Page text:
Court Rejects Eni's Attempt to End Drillship Contract
Eni's multi-million-dollar suit against Transocean over the performance of the drillship Deepwater Pathfinder has ended in a $180 million judgement - against Eni.
In 2013, Eni filed suit against Transocean, alleging that the Pathfinder's downtime exceeded industry standards and that Transocean hadn't been able to resolve the ship's problems. "Transocean misrepresented the vessel’s fitness and the efficacy of Transocean’s maintenance programs, breached its contractual warranties and covenants, and remains incapable of curing its breaches," Eni claimed in a court filing.
The dispute started after a lengthly repair period. In 2010, Eni chartered the Pathfinder for drilling and workovers in the Gulf of Mexico. In May of that year the vessel had to put into port at Mobile, Alabama for 274 days of repairs. Eni alleged that after this long repair period, the vessel's equipment continued to suffer frequent breakdowns.
In its response, Transocean said that the long maintenance period was not expected, and that new regulatory requirements increased the scope of work. The Deepwater Horizon spill occurred shortly before this shipyard period, and in the wake of the spill, the government implemented new requirements for third party certification and improvements to blowout preventers. In addition, Transocean said that it had made upgrades to the rig at Eni's request and had not charged its day rate during the shipyard period.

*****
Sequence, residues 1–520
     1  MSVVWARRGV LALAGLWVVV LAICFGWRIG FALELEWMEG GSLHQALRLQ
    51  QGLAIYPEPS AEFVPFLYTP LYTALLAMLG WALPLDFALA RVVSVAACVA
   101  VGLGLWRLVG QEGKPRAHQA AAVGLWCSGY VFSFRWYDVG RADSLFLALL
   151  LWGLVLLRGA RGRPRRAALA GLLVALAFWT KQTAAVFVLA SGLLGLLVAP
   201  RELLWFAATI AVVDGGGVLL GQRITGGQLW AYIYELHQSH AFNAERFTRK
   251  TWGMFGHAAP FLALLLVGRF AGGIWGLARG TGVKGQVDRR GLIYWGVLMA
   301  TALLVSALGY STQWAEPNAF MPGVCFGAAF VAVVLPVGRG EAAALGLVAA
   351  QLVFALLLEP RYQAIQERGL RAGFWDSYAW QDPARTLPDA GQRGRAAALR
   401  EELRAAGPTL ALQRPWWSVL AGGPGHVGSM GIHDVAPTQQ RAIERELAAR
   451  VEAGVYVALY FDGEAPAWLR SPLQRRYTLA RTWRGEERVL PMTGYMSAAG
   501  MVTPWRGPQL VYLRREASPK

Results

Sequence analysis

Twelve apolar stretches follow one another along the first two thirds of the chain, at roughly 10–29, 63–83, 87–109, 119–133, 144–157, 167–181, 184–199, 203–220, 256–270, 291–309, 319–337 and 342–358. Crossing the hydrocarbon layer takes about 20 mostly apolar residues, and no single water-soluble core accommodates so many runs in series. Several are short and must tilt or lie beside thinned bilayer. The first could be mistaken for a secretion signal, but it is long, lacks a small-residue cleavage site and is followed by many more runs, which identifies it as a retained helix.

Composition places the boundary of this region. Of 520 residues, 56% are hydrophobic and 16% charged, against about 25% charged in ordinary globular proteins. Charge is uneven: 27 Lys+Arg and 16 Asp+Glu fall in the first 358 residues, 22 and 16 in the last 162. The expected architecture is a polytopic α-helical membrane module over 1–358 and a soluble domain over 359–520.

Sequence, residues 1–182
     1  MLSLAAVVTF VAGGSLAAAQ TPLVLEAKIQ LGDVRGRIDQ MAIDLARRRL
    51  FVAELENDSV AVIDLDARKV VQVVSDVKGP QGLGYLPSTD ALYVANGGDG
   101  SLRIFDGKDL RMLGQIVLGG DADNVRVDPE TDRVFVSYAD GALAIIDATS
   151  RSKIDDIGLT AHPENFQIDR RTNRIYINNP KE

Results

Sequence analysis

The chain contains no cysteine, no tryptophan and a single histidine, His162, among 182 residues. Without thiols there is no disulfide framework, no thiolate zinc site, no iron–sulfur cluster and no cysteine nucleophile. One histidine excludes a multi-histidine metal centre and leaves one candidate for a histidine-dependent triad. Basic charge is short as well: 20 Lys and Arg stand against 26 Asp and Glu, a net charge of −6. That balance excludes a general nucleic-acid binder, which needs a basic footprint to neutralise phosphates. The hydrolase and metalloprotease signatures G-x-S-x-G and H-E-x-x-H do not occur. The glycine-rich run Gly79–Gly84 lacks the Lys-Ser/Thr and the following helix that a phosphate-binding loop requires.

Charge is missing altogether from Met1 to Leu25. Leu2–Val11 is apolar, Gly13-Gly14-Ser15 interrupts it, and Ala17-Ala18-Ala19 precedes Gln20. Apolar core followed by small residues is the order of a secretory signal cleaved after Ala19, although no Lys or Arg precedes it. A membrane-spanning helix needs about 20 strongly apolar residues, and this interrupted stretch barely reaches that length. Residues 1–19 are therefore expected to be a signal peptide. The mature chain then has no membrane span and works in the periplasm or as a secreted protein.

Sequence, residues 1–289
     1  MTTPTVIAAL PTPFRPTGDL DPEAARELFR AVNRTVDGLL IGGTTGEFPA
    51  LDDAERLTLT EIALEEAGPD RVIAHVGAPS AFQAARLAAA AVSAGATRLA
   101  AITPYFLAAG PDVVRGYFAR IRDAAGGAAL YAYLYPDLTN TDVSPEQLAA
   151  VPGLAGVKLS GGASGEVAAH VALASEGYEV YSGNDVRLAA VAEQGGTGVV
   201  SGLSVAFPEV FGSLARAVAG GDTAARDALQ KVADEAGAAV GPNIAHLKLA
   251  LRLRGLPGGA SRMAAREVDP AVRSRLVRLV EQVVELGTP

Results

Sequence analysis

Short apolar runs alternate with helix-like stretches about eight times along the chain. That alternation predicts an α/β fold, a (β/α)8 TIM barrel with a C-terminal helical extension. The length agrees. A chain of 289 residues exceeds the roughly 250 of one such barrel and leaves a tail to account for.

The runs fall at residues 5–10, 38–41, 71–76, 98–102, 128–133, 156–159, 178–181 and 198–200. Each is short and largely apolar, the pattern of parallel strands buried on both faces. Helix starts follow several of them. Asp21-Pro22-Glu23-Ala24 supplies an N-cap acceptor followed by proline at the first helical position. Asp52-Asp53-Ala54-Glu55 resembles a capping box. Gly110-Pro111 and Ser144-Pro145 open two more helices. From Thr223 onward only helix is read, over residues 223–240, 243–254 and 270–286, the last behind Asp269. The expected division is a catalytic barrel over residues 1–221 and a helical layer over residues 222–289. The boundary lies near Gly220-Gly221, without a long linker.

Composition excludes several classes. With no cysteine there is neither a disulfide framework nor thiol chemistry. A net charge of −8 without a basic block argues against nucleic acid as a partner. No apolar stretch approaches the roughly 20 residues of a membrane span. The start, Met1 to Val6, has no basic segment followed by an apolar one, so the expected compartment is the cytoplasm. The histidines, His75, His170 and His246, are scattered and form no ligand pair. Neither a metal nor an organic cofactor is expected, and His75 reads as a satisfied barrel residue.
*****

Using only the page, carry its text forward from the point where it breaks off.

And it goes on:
In February 2013, two years after the Pathfinder exited the yard and began work for Eni, the two companies began to dispute invoiced amounts for the Pathfinder's operations, specifically regarding day rate payments during repairs to the blowout preventer. Eni refused to pay certain invoices related to the time spent on these repairs.
In October 2014, a further series of equipment failures related to the blowout preventer and the draw-works occurred. These problems happened during a particular market event: the offshore drilling industry was entering free-fall as oil prices plummeted, and upstream companies around the world began looking to cut costs. Eni attempted to terminate its contract with Transocean, citing maintenance problems.
However, Transocean did not agree that the termination was valid, and it continued to bill Eni at the contractual day rate through April 21, 2015, the date of the contract's end. In a counterclaim, Transocean sought unmet payments, interest, attorneys fees and all other damages available. Judge Alfred R. Bennett concurred and awarded Transocean a total of $185 million.
The 1998-built Deepwater Pathfinder has been in layup ever since the end of Eni's contract, and it is now awaiting demolition. Transocean announced in September 2017 that Pathfinder and five other idled rigs would be held for sale pending scrapping. “We continue to enhance the quality of our fleet through the addition of new, high-specification assets, and the retirement of older, less competitive rigs,” said Jeremy Thigpen, Transocean's president and CEO. The firm took a $1.4 billion writedown related to the vessels' disposal.